Matthew MacNish said...

My problem with time travel is that if you travel back 100 years, the earth is going to be like 80 million miles away from where it was, because, you know it moves around the sun, which moves around the galaxy, which is moving away as the universe expands. So you'd just choke to death in the vacuum of space. Unless you have a TARDIS.

Sarah Ahiers said...

I like BTTF2 because i love the parts where he's, more or less, reliving the first movie in the background. Love it.

Do you ever watch Rick and Morty? There's an episode where they eff up the world, i mean, totally end it. And Rick's solution is to jump to a different timeline where they had just accidentally blown themselves up before they had a chace to screw things up, and take the places of the dead them in that reality. The last 5 mins of the episode is just Morty in this haze while he has to bury himself and just live in this alternate reality which is the same, but not really. It's hilarious, but also kind of deep and scary and depressing. I love it.

Robyn Campbell said...

I agree that the second and third BTTF's were kinda substandard.

But time traveling is bodaciously exciting, don't ya think? I mean the real thing. If I could, I'd be visiting places in time every week. WOW. That would just be so cool. But I wouldn't use it in my writing. If I wrote sci-fi, that is.

Continuum started back?

You're not doing A to Z I see.

Michael Offutt, Phantom Reader said...

@Robyn: You get the award of the day for using "bodaciously" in a sentence. It's been years since I heard it.

mooderino said...

Time travel stories make my head hurt and usually don't stand up to close inspection. The first Terminator movie is about the only one I think works.

mood
Moody Writing

Michael Offutt, Phantom Reader said...

@Moody: I agree. The terminator 1 and 2 movies were wonderful. I tend to like T2 more. T1 is unwatchable in its cheesiness these days. Time has ravaged its special effects and made them look so awful.

Andrew Leon said...

I skipped most of the post because I do want to check that show out at some point despite the fact that I think most time travel stories are crap. Like Looper.
Generally, it's just used like a magic reset button and the author never bothers to figure out his/her rules.
Figure out you rules! It's not that hard.

DEZMOND said...

I watched the first season and then they lost me after that. But I do positively adore me Rachel Nichols, I think she is one of the most underrated actresses out there

J.L. Campbell said...

This sounds like too much of a good thing gone bad. You watch so much of this stuff, you'd do well at coming up with ideas for Sci-Fi scripts.

Morgan said...

Time travel = Soooo many opportunities for plot holes!!!!!!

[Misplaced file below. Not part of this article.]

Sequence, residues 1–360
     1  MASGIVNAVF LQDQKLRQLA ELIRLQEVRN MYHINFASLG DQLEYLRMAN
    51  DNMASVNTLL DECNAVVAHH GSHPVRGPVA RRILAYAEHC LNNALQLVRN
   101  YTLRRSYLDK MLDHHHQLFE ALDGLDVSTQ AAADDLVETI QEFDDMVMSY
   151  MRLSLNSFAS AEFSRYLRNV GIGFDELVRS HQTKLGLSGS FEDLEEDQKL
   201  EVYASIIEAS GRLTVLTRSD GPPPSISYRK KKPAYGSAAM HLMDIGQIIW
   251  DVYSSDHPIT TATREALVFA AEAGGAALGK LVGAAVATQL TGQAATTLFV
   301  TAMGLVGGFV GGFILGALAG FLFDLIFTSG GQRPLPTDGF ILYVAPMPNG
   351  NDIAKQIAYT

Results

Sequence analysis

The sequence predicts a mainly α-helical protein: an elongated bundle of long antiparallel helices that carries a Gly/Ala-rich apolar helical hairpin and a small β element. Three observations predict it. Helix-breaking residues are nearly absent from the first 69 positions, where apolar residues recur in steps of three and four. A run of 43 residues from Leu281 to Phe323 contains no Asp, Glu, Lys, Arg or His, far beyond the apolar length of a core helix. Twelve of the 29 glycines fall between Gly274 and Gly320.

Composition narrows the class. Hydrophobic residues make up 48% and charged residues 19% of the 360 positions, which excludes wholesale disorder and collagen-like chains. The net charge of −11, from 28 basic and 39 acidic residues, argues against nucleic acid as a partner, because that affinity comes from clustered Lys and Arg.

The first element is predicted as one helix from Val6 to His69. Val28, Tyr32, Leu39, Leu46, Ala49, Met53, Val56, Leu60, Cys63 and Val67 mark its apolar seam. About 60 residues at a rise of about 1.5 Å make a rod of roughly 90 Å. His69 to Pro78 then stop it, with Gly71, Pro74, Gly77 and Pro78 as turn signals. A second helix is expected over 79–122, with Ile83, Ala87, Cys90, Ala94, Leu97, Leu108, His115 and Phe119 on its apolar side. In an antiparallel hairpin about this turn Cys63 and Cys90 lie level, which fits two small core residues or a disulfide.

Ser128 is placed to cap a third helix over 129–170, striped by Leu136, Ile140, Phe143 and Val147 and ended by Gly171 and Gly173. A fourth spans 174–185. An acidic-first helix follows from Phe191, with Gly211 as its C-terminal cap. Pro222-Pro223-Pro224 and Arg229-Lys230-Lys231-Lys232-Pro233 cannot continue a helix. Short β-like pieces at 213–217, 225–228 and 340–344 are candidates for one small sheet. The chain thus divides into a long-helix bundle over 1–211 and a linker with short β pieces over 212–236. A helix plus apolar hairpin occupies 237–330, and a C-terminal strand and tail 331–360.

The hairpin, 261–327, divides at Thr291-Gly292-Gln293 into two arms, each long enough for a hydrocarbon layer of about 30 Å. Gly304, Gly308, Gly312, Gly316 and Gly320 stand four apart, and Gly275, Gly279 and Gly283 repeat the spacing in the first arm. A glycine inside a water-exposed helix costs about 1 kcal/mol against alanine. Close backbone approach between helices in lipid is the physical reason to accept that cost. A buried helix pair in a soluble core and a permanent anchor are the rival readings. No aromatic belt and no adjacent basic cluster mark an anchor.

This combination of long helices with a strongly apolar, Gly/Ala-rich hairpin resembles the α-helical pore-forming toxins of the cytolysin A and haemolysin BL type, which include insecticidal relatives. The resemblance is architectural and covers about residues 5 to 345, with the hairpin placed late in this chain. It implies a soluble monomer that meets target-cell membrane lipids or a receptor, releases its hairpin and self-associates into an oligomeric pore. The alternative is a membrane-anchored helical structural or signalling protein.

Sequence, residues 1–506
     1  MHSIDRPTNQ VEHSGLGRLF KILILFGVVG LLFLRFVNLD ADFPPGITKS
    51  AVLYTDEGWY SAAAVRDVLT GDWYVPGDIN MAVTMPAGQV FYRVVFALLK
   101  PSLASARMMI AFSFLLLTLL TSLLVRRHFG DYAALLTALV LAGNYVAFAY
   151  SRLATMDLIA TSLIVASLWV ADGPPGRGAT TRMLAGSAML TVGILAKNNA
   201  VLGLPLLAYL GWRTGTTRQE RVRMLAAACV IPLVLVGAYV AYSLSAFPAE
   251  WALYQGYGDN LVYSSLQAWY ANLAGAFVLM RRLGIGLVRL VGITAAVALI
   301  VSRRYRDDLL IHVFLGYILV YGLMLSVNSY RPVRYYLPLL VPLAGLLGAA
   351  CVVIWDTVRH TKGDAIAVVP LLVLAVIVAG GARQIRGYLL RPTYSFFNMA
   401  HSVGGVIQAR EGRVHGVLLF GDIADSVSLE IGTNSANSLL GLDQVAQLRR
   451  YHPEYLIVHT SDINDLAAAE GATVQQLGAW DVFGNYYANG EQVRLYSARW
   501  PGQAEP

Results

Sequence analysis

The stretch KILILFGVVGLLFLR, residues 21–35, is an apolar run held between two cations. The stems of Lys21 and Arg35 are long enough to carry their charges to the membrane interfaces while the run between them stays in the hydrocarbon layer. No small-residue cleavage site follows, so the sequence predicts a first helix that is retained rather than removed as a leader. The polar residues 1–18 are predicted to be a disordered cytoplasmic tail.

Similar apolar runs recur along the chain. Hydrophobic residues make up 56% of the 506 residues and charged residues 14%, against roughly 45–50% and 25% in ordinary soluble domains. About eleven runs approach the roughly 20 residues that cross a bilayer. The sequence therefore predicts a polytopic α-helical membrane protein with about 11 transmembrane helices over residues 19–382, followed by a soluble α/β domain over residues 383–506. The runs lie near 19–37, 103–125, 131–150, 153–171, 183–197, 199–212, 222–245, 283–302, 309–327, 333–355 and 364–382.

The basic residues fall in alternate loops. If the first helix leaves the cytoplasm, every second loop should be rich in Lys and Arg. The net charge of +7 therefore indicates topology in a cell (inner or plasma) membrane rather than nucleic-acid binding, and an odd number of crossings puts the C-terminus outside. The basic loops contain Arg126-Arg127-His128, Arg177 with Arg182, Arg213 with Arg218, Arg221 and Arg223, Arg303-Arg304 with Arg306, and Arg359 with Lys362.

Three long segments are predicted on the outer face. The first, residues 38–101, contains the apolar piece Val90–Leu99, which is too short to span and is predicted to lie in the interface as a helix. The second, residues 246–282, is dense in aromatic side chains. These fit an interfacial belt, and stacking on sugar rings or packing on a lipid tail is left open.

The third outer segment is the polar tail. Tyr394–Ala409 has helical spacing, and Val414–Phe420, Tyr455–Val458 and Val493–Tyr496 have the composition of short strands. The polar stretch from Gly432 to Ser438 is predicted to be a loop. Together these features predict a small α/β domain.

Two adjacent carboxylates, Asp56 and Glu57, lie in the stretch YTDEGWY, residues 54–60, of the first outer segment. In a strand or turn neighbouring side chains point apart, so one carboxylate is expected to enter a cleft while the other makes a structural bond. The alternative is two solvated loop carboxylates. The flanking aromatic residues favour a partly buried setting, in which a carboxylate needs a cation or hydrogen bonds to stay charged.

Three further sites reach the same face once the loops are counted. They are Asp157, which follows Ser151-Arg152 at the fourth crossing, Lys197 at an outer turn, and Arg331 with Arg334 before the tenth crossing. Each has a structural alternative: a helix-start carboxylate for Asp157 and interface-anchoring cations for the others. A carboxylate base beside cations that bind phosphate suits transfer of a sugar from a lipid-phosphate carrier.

Though my favorite series EVER (Outlander by Diana Gabaldon) pulls it off. But it's definitely more fantastical than sci-fi. :)

Stephen Hayes said...

An interesting discussion. I spend a lot of time thinking about the past but haven't written anything about time travel yet.

Helena said...

I've always loved the idea of time travel because I'm a history buff, but in fiction it has to be handled just right or the story falls apart. The only true science fiction story I've read with time travel was Heinlein's "All You Zombies," a short story he wrote in one day; but I've got to believe that it gestated in his head for a long time before he put it down on paper.

Liz A. said...

The problem with time travel stories is maintaining internal logic. So many go wrong that way.

I have two Continuums sitting on my DVR. Soon. Soon I'll have time. (By soon, I mean the end of May.)

Spacer Guy said...

Time travel is like God out of the machine.

Michael Di Gesu said...

Hi, Michael,

SO see your point. I loved the first back to the future but really though the other two were not necessary. Why mess with a good thing?

I think time travel can be terrific if done ONCE... IN Harry Potter Three, Prisoner of Azcaban... my FAVORITE... JK pulled it of BEAUTIFULLY... never saw it coming. SO well done!

River Fairchild said...

I've never seen this show but it sounds like the characters chasing their tails instead of moving the plot forward as a storyline - and that storyline should be one timeline that you can count on.

Sheena-kay Graham said...

I watched the first season and a bit of the second. What you just described has me totally confused. But also excited. Sorry this annoys you but I want to know more.

Jay Noel said...

Time travel stories are extremely tough to do because it's tough to walk that tightrope between clever and crutch. But I still love them when done right, but I usually find little something wrong with ALL of them.

But as long as I'm enjoying myself, I try to just go with the story anyway.